Anxiety affects us all at one point or another. While people don’t necessarily get stressed out over the same things, the effects of anxiety over time are all similar. Prolonged bouts of stress can lead to physical disorders like depression, heart attack and stroke, to name a few.
The scariest thing about stress isn’t what it can cause, however. It’s the fact that it can exasperate just about any ailment, and make things worse before they get better.
Here are a few common symptoms of prolonged stress:
- Frequent headaches, jaw clenching or discomfort
- Light headedness, bouts of dizziness
- Insomnia, nightmares, frequent, reoccurring and disturbing dreams
- Trouble learning and processing new information
- Feelings of loneliness or worthlessness
- Increased frustration, irritability and edginess
Anxiety can have many possible effects on the sufferer. Short-term effects can be increased heart rate and difficulty concentrating. Extended periods of anxiety can lead to long-term negative effects on the body like elevated chances of a stroke or heart failure.
Most mental healthcare is provided by primary care physicians rather than mental health specialists. Although strides have been made to detect and treat anxiety, there’s still plenty of work to be done in primary care settings.
Anxiety and Mental Health
A team of researchers from RAND partnered with a number of universities to study the impact anxiety disorders can have on patient health. Among the 480 adult patients who had recently visited a primary care physician, the study found that patients suffering from anxiety disorders were more likely to have both physical and mental ailments and a lower quality of health.
According to the findings, the impact of an anxiety disorder is about the same as that of irritable bowel syndrome. The study also found that anxiety disorders negatively affect productivity. Patients with an anxiety disorder were much more likely to miss at least one day of work in the previous month.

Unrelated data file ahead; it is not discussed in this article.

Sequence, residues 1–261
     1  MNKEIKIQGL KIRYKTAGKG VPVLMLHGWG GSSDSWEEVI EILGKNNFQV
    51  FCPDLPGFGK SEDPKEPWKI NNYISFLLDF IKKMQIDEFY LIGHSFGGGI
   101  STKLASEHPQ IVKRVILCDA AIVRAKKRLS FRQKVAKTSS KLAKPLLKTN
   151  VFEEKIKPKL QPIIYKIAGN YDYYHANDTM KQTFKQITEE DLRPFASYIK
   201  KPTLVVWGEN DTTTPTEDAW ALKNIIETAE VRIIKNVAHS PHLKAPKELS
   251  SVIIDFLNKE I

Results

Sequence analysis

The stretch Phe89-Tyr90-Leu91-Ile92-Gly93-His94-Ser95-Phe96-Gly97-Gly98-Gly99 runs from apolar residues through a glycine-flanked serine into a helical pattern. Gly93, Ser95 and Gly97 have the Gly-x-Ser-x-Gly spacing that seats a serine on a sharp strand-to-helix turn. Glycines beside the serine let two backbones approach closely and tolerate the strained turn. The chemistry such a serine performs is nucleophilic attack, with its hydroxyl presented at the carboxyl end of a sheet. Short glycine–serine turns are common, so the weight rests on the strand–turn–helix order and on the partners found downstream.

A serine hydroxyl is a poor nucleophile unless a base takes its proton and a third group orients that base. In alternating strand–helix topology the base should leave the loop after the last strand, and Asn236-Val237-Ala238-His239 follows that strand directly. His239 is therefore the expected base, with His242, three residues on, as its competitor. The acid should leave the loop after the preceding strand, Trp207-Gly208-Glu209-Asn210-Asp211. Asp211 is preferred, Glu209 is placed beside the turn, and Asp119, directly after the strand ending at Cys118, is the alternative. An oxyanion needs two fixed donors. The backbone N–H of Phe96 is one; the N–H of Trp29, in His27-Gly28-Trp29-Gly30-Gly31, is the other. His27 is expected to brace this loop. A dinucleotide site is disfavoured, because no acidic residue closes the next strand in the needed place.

Relieving Test Stress
In the world of academia, students must face the pressures presented by anxiety with regularity. In general, it is normal to feel at least some level of anxiety before an important test. However, some test-takers allow the stress monster to take control.
Here are five tips for combating stress before it gets out of hand:
- Breathe: Close your eyes and focus on inhaling and exhaling. It sounds easy, but deliberately expanding your chest as you inhale a deep breath relaxes your muscles and coaxes them into working normally again.
- Set aside personal time: Balance is key between work and play. The brain needs time to recoup and process information, so at times, it is acceptable to do something other than study. Take a walk to get some fresh air, enjoy dinner with your family, play outdoors with your kids and pets or even brew a cup of tea. These can all be welcome distractions, provided they’re done in moderation.
- Work it out: Exercise produces endorphins, and those feel-good pheromones help alleviate stress. Exercising gives your body a task to focus on. It keeps your mind occupied and doesn’t allow it to drift back to the source of your worry. Don’t use exercise as an escape from your problems, however. Rather, use it as an ally, something to give you a boost of positive vibes before you get back to work.
- Sleep: Staying up all night to study is terrible for your health. Burning the midnight oil and working yourself into a zombie stupor isn’t a badge of honor to wear. It actually means you probably weren’t as prepared as you should have been and now time is a factor. Realistically, you won’t remember anything you looked at in the wee hours of the morning and your mind won’t be sharp the next day when it’s time to perform. Sleep is your friend, don’t neglect it.
- Take control of your preparation: Panic comes from a lack of control and preparation. Your test preparation is in your hands. By organizing your workload and sticking to a plan, you can avoid a panic attack in the 11th hour. The more structured your approach is, the easier it can be to handle the tasks ahead.
When uncontrolled, stress is very dangerous. It can severely affect people both mentally and physically, and if it’s left unchecked, it can lead to devastating health complications. Use the tips above to help combat the demons of excessive stress, exile it from your life and release its grip on your happiness.